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Antonello

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MARKET SIZE

HOW CAN I FIGURE OUT THE MARKET SIZE OF HAIR SALONS IN NEW YORK, THEIR OPENING HOURS, AND AMOUNT OF TASK FORCE WORKING AT THESE LOCATIONS?

HOW CAN I FIGURE OUT THE MARKET SIZE OF HAIR SALONS IN NEW YORK, THEIR OPENING HOURS, AND AMOUNT OF TASK FORCE WORKING AT THESE LOCATIONS?

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Hi Liat,
I would approach with the following structure:

1. Market size. Estimate:

  • People in NY
  • Clusters of people based on frequency (think about gender, age, events during the year like holidays and weddings)
  • Frequency and mean treatment price per cluster

-> you can calculate the market size (if the interviewer means a distinction between hair saloon and little barbershop, take only a % of the total number).

2. Amount of hairdressers. Estimate:

  • No. of people per each salon (you can think about a mean value or identify clusters by dimensions)
  • Hour per shift, no. of shifts
  • Occupancy

-> Starting by the total no. of hours calculated in problem 1. you get the amount of hairstylist needed.

Does it make sense?

For a deep dive on market sizing resolutions feel free to write me.

Best,
Antonello

Hi Liat,
I would approach with the following structure:

1. Market size. Estimate:

  • People in NY
  • Clusters of people based on frequency (think about gender, age, events during the year like holidays and weddings)
  • Frequency and mean treatment price per cluster

-> you can calculate the market size (if the interviewer means a distinction between hair saloon and little barbershop, take only a % of the total number).

2. Amount of hairdressers. Estimate:

  • No. of people per each salon (you can think about a mean value or identify clusters by dimensions)
  • Hour per shift, no. of shifts
  • Occupancy

-> Starting by the total no. of hours calculated in problem 1. you get the amount of hairstylist needed.

Does it make sense?

For a deep dive on market sizing resolutions feel free to write me.

Best,
Antonello

What do you feel about using the app 'yelp' as reference? — Liat on Nov 10, 2019

Hi Liat, do you mean in order to know the real numbers? You should try to estimate those numbers based on your experience and common sense and only at the end of the case check if your estimations make sense. — Antonello on Nov 10, 2019

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Hi Liat,

There are many ways to do this, but I would do it top-down.

Start with working out how many people get their hair cut in a specific amount of time, and make an assumption about % utility of hair stylists.

i.e. Number of people in New York * number of times they get their hair cut per year * duration of a haircut = number of hours hair stylists spend actively working, which you can multipy by average price for the market size.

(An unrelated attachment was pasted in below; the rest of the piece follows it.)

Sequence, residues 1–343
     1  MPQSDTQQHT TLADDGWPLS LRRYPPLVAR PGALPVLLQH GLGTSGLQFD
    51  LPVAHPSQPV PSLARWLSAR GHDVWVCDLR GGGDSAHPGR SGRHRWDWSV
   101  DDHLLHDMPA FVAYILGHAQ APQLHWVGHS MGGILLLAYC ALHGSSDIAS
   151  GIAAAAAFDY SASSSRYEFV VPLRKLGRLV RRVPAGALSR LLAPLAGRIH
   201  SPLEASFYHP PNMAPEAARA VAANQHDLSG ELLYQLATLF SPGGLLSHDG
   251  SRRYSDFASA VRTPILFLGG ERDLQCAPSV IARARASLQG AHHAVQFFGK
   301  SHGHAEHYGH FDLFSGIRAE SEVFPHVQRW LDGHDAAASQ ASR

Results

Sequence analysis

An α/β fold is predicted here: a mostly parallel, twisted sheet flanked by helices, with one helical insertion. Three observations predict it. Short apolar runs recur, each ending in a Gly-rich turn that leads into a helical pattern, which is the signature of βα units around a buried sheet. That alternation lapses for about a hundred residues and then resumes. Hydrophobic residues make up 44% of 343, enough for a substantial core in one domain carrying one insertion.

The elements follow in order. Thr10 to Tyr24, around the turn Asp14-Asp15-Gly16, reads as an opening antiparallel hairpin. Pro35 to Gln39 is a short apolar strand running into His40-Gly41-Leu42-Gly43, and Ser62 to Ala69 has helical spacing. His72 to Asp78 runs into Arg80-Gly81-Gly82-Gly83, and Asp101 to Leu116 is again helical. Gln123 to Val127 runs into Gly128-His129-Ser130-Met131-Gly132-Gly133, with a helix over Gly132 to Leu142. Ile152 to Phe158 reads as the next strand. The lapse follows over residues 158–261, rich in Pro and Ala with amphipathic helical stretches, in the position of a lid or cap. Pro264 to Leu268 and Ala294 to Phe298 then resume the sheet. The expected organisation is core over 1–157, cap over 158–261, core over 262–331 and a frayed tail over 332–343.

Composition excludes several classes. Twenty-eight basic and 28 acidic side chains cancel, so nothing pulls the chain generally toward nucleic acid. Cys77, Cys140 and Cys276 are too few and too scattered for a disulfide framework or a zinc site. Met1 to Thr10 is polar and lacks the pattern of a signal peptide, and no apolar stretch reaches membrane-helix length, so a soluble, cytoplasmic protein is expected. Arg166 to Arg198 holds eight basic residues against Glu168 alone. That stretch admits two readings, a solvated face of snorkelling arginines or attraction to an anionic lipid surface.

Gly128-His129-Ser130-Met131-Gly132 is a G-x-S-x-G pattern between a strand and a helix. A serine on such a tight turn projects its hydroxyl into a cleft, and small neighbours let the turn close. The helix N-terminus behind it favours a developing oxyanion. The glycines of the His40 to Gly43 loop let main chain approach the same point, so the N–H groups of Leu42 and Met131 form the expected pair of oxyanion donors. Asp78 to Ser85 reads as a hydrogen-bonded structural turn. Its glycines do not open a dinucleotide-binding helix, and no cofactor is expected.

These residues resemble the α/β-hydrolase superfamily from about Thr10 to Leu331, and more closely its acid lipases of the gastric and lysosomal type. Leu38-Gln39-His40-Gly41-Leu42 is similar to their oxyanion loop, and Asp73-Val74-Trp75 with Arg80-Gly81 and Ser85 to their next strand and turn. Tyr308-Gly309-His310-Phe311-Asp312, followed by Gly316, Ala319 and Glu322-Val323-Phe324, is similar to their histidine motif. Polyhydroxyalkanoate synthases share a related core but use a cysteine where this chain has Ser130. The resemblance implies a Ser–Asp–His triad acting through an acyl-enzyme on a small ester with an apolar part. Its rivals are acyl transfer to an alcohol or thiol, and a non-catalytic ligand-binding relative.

To work out opening hours and number of task force working, you can make an assumption on utility - I'd say 80% based on personal experience. You can divide the product from above by 0.80 to get total hours stylists work, and make an assumption also on admin (e.g. one full time per 4 stylists, or something similar). Assuming all staff work full time at 35 hours weeks, you can work that out by dividing the total product by 35.

Finally, you already have the total number of hours worked by all staff so can work out opening hours from there.

You can make it more nuanced by making assumptions about how many people have their hair done at salons vs. at home/by a friend, and you can also segment by, say, males and females (as this would impact both price of haircuts and frequency).

Best,

Kay

Hi Liat,

There are many ways to do this, but I would do it top-down.

Start with working out how many people get their hair cut in a specific amount of time, and make an assumption about % utility of hair stylists.

i.e. Number of people in New York * number of times they get their hair cut per year * duration of a haircut = number of hours hair stylists spend actively working, which you can multipy by average price for the market size.

To work out opening hours and number of task force working, you can make an assumption on utility - I'd say 80% based on personal experience. You can divide the product from above by 0.80 to get total hours stylists work, and make an assumption also on admin (e.g. one full time per 4 stylists, or something similar). Assuming all staff work full time at 35 hours weeks, you can work that out by dividing the total product by 35.

Finally, you already have the total number of hours worked by all staff so can work out opening hours from there.

You can make it more nuanced by making assumptions about how many people have their hair done at salons vs. at home/by a friend, and you can also segment by, say, males and females (as this would impact both price of haircuts and frequency).

Best,

Kay

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